Kartlos or K'art'los (Georgian: ქართლოსი) was the legendary establisher and eponymous father of Georgia, and the mythic ancestor of Georgians, namely its nucleus Kartli (Caucasian Iberia). His story is narrated in the compilation of the medieval Georgian chronicles, Kartlis Cxovreba,[1] taken down from oral tradition by Leonti Mroveli in the 11th century.

The legend has it that he was a son of Targamos and, thus, brother of Haos, Movakos, Lekos, Heros, Kavkasos, and Egros from whom other Caucasian peoples took their origin. Kartlos united his people to become their chieftain and founded the city of Kartli.

According to some modern scholars, Kartlos seems initially to have been a contrivance of early Georgian folklore, though he later came to be regarded in the medieval epoch as a real historical figure and the genuine founder of the Georgian nation.[2]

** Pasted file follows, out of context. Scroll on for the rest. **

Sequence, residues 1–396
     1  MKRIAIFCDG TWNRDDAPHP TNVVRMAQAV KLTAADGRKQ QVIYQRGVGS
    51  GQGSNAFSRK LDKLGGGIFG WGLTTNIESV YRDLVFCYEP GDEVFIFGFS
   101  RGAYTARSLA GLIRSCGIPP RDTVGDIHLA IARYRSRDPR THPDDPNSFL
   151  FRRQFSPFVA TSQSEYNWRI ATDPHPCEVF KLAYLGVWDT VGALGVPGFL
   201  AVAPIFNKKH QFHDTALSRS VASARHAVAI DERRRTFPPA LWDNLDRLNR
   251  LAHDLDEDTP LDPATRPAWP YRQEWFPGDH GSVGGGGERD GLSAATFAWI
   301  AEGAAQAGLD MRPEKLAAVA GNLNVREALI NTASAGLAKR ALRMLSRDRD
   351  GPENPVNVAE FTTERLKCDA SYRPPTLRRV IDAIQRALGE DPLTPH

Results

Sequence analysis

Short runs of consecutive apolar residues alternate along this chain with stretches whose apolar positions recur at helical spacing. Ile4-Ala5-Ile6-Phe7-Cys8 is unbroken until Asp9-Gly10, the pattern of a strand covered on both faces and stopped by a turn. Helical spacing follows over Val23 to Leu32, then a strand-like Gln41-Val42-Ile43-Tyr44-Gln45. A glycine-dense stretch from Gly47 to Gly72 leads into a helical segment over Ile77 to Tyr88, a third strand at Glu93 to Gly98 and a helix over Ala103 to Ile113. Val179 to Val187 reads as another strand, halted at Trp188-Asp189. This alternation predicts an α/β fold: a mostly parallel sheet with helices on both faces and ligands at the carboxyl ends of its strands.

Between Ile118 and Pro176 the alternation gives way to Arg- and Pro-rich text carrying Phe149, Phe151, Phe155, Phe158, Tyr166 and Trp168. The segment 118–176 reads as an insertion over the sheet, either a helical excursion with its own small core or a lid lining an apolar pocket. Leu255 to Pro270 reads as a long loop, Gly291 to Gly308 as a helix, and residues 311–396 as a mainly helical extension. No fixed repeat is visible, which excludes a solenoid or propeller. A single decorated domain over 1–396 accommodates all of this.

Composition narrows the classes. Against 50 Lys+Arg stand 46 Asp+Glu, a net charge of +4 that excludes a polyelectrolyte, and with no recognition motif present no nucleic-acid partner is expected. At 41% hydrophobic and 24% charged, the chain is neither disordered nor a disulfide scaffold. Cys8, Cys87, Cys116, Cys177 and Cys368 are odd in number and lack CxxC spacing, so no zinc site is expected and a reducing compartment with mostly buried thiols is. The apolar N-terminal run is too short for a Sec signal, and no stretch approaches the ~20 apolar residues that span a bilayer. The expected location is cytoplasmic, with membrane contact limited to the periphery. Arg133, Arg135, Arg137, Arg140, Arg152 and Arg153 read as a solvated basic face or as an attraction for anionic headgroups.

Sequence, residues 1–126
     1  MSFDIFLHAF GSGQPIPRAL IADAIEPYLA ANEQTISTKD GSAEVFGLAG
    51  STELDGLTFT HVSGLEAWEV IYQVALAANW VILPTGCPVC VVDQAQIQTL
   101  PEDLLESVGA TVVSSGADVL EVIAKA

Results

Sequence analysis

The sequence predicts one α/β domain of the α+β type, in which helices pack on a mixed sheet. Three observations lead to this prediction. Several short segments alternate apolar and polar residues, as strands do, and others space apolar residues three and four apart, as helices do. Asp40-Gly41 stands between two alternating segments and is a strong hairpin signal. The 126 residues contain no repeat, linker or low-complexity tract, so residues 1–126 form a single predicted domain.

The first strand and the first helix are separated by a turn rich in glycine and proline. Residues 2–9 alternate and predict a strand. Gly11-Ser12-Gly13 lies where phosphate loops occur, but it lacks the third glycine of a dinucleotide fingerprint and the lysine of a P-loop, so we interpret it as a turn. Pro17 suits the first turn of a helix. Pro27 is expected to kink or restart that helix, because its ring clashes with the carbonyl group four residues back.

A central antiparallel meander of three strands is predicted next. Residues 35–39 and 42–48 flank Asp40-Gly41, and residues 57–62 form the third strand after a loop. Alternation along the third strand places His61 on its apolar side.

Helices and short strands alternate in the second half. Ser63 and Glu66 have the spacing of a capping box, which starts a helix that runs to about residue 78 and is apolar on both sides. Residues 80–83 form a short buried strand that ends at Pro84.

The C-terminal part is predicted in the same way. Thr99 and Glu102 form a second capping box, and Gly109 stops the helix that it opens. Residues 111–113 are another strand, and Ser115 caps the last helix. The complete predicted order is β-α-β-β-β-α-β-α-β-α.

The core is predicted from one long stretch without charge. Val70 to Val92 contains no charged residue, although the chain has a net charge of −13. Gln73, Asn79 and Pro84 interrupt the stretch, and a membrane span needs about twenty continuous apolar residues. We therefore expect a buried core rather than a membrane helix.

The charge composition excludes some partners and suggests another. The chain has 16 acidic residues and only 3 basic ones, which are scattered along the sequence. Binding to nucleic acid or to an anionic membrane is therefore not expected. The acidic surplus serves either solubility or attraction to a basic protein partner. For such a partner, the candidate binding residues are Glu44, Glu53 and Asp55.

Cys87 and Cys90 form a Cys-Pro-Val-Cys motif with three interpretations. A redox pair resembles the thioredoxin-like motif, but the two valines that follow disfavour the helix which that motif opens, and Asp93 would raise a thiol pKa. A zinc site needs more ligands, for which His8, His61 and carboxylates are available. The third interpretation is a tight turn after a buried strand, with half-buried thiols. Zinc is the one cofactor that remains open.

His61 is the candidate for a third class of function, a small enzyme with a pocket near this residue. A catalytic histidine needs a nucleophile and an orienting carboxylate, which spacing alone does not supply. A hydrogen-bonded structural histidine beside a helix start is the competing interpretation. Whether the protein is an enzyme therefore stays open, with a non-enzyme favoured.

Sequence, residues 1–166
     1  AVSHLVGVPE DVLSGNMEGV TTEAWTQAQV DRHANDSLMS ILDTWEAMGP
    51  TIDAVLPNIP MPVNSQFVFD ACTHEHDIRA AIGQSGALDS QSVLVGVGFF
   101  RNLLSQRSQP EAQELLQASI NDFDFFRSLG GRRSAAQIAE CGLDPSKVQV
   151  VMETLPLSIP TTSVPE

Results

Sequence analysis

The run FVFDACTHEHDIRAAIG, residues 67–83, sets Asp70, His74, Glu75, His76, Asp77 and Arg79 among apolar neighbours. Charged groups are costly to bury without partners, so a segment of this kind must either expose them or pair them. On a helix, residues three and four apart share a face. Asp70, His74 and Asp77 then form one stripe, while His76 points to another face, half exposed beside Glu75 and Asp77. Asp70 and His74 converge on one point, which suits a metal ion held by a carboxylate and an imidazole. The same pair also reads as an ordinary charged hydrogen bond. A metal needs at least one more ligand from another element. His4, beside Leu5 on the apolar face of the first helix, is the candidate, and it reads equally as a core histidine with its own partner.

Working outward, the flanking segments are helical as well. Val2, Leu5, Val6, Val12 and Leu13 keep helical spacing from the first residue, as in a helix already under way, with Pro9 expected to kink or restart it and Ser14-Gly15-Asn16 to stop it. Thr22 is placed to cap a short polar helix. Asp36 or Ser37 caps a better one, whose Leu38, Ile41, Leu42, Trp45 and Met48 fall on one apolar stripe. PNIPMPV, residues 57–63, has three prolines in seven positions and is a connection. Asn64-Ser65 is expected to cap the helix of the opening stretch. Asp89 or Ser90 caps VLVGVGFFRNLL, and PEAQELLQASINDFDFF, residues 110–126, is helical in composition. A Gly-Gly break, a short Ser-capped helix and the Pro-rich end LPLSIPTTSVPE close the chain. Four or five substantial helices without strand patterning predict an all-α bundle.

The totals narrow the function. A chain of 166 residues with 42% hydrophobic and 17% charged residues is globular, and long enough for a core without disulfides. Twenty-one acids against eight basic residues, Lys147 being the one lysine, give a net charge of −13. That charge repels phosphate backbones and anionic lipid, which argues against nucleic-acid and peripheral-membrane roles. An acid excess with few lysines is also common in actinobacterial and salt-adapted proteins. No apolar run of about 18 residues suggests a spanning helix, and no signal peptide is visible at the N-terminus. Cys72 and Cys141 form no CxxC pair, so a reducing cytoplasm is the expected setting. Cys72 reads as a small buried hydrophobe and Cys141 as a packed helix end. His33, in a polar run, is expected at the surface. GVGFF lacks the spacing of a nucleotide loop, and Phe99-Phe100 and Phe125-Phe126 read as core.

He had several sons:

  • Mtskhetos
  • Gardabos
  • Kakhos
  • Kukhos
  • Gachios
  • Uphlos
  • Odzrkhos
  • Javakhos

– who became eponymous founders and the first rulers of Mtskheta, Gardabani, Kakheti, Kukheti, Gachiani, Uplistsikhe, Odzrkhe, and Javakheti, respectively.

The 3rd-century BC Iberian king Pharnavaz is said to have claimed his descent from Kartlos, being called Kartlosiani (Kartlosid) after him.


  1. (Georgian) TITUS text of the Kartlis Cxovreba
  2. Rapp, Stephen H. (2003), Studies In Medieval Georgian Historiography: Early Texts And Eurasian Contexts, p. 427. Peeters Bvba ISBN 90-429-1318-5.
This page uses content from the English Wikipedia. The original article was at Kartlos. The list of authors can be seen in the page history.

Ad blocker interference detected!

Wikia is a free-to-use site that makes money from advertising. We have a modified experience for viewers using ad blockers

Wikia is not accessible if you’ve made further modifications. Remove the custom ad blocker rule(s) and the page will load as expected.